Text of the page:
A lot of people use their chopsticks thinking that it is merely cultural for some nations. In Japan, however, it is something you must take seriously. Every position, or movement you may make using your chopsticks could be disrespectful or offensive to the person you are dining with. While it may be fine to commit mistakes for a newbie, it is always nice to learn a thing or two about the proper use of chopsticks so as to rightly honor Japanese customs.
Luckily for you, here are a few tips to help you get you acquainted with the proper chopstick use.
Proper grasp of your chopsticks.
Learning the correct way of holding your chopsticks can eventually aid you in using them with ease. So before you dig in, make sure that you are holding your chopsticks near their ends. Be sure that the upper chopstick is held in between the index finger and thumb. The lower chopstick should be positioned on your ring finger while resting on the concave space between the thumb and index finger.
You can learn to use them more quickly if you practice every once in a while, like when you’re eating at home. Remember, practice is key.
2.Kindly accept your chopsticks.
After taking your chopsticks apart, refrain from removing the wooden strings or rough edges by rubbing the chopsticks together as it signifies that you think that the chopsticks are cheap.
3. Choosing dishes.
When thinking of which dishes to eat, prevent yourself from pointing or hovering at the dishes as you would appear to be greedy to the people you are dining with. Always make sure that when getting your food you get them from the top of the dish. If you want to choose a good portion or part of the dish, always choose from the top and never burry your chopsticks through the dish to pick your food.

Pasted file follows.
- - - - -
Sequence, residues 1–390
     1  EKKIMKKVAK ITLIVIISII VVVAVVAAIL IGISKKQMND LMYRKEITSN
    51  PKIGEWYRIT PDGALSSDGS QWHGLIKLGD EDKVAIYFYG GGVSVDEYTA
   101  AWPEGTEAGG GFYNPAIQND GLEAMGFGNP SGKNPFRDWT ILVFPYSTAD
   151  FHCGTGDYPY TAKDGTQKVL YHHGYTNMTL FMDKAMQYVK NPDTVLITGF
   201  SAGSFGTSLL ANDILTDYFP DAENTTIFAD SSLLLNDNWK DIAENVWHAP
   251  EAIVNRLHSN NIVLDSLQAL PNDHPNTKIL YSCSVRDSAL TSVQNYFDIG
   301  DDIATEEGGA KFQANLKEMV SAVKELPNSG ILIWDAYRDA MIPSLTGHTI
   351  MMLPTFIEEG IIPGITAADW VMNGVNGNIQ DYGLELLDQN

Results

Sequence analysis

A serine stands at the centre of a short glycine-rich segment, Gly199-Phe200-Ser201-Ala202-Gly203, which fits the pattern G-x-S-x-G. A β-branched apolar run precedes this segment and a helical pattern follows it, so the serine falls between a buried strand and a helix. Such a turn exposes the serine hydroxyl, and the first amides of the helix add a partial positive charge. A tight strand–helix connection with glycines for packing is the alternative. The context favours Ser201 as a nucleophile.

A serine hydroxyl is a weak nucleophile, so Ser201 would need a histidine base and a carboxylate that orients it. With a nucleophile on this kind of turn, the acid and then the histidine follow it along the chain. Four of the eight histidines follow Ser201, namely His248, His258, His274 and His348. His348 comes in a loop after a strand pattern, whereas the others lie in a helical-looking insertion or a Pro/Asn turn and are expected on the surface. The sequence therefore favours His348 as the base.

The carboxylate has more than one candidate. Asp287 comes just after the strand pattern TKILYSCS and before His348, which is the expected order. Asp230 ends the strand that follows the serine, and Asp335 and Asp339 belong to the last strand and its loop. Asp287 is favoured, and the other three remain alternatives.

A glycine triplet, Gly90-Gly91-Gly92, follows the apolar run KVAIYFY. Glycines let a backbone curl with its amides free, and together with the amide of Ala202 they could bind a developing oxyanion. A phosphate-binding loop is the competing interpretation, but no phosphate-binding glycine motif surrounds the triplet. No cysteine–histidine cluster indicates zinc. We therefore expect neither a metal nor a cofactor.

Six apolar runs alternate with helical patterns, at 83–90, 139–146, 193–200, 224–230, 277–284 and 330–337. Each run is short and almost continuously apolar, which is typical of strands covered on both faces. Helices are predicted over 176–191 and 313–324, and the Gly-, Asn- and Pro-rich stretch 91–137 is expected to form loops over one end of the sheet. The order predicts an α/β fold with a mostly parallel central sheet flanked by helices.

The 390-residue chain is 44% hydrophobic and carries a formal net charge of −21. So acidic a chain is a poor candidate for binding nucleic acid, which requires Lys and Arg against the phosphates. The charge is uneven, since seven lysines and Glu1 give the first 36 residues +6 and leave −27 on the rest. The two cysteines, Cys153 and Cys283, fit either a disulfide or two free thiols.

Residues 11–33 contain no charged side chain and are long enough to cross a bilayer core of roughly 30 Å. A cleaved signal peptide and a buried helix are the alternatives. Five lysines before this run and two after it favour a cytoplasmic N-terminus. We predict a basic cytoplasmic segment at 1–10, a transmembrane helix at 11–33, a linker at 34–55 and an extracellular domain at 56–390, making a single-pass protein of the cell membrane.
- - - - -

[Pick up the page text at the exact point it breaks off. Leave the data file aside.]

Also, remember that when you eventually choose the dishes you’d like, take the food from the dish and bring it to your own plate before eating.
4. When you’re not using them
Never use your chopsticks for anything other than handling your food. If you are talking to other people, avoid holding or making gestures with your chopsticks. If you are provided with a chopstick holder, place your chopsticks there when you’re not using them, but if you are not given one, you can simply place them horizontally on your bowl.
Be sure that your chopsticks are parallel horizontally in your bowl when resting them, and not crossed together or placed vertically on the rice in the bowl. Both acts remind the Japanese of funeral ceremonies or offering food to the spirit of the dead.
5. Sharing food
If you want to share your food with other people at the table, do not do so by passing them from person to person by chopstick. Aside from unsanitary reasons, it reminds the Japanese of funeral ceremonies where the cremated bones are passed to transfer to the urn.
Sharing your food to others can easily be done by requesting them to pass their plate to you. By using another clean pair of chopsticks, put the food on their plate.
6. Eating the food
Using chopsticks require a lot of practice and finesse. So do not let food drip from them, and refrain from sucking them.
Always use your chopsticks as a pair and never individually. Do not use them as a skewer but at the same time, avoid using your chopsticks to hold large pieces food to bite off of. There are still cases when biting from a piece of food is acceptable, like eating tempura, but it’s also good to take time and learn to apply the right pressure when cutting your food with your chopsticks.
When having soup, prevent yourself from swirling your chopsticks in them, as it is as if you are cleaning them.
When using chopsticks, always remember that they are not just simple eating utensils - they also embody a cultural symbol for the Japanese. Consider these guides as important tools not only to respect their culture, but also to enrich your dining experience.